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US Asks Deutsche Bank to Pay $14bn in 2008 Mortgage Crisis Case

The US Department of Justice is claiming $14 billion from Deutsche Bank in an investigation into mortgage-backed securities.

US Asks Deutsche Bank to Pay $14bn in 2008 Mortgage Crisis Case

Deutsche Bank has however said that it does not have intentions to settle this case anywhere near the cited figures.

The claim against the bank is certainly much larger than was anticipated and will likely be subjected to negotiations for a couple of months.

Following these news, Deutsche shares fell by close to 7% in early trading.

In a statement, Deutsche Bank said, “The negotiation are just beginning and it is expected they will lead to a much lower settlement as has been the case with other banks.”

Residential mortgage-backed securities were at the heart of the 2008 financial crisis.

In the US, banks have been put through several investigations as they have been accused of offering mortgages to borrowers who did not qualify for these loans and then repackaging these mortgages as safe investments and selling them to others.

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Large claim

The claim against Deutsche Bank is one the largest demanded by US authorities following the financial crisis.

In 2014, the Department of Justice asked for $12 billion from Citigroup for selling mortgage-backed financial products. However, the bank paid just $7 billion in the end.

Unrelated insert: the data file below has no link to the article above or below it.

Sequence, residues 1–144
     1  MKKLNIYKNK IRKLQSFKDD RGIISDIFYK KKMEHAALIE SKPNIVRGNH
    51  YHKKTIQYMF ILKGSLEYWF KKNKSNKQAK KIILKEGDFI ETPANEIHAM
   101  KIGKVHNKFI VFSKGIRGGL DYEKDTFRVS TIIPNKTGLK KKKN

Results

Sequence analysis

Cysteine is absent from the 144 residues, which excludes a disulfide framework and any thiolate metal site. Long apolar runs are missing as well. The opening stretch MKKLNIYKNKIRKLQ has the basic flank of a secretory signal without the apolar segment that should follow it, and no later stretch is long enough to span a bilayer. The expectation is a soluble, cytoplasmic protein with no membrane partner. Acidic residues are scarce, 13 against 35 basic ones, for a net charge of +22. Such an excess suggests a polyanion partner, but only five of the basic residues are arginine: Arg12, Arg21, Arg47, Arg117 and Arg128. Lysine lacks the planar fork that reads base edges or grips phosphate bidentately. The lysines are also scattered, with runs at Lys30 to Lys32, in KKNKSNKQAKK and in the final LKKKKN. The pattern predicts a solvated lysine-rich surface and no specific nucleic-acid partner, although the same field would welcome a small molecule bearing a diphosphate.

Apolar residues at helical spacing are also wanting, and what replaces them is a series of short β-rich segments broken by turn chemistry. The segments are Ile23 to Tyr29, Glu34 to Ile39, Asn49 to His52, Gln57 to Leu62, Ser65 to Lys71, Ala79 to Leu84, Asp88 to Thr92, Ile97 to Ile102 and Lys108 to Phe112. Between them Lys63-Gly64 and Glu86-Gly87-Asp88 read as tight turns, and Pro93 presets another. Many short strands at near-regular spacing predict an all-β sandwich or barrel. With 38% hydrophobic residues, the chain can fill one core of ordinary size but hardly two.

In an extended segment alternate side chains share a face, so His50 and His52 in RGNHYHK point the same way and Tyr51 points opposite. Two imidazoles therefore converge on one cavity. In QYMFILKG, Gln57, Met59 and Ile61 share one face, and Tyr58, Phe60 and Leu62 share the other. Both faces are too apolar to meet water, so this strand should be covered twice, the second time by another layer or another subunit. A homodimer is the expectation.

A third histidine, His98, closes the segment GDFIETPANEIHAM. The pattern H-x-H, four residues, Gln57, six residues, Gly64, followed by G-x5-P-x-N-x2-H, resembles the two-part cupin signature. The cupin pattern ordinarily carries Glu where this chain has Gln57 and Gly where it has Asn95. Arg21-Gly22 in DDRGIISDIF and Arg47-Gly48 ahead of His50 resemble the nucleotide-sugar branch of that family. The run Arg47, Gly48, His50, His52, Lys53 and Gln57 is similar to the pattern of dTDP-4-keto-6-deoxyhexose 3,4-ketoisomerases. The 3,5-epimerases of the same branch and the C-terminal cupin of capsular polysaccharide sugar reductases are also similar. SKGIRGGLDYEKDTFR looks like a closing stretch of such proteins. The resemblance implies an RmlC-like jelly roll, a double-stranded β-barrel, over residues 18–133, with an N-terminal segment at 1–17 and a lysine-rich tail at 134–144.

In 2014, JP Morgan Chase faced a $13 billion fine resulting from allegations that it exaggerated the quality of mortgages sold to investors and in 2015, Bank of America was fined $16.7 billion while at the start of this year Goldman Sachs paid $5.1 billion in settlement.

The claim against Deutsche Bank has come at a difficult time when the company just announced a 20% decline in second quarter revenues and a 67% decline in profits.

As recently as July, Deutsche operations in the US failed a stress test administered by the Federal Reserve. The Fed pointed that the bank’s operations demonstrated substantial and broad weaknesses especially in capital planning.

Neil Wilson of ETX Capital noted that one would have to wonder if financial regulators are aggravating the situation with such large settlement demands.

He said, “Given the increasingly precarious finances of some banks in Europe, of which Deutsche is among the riskiest yet still important, it is alarming and seems myopic and needlessly punitive.”

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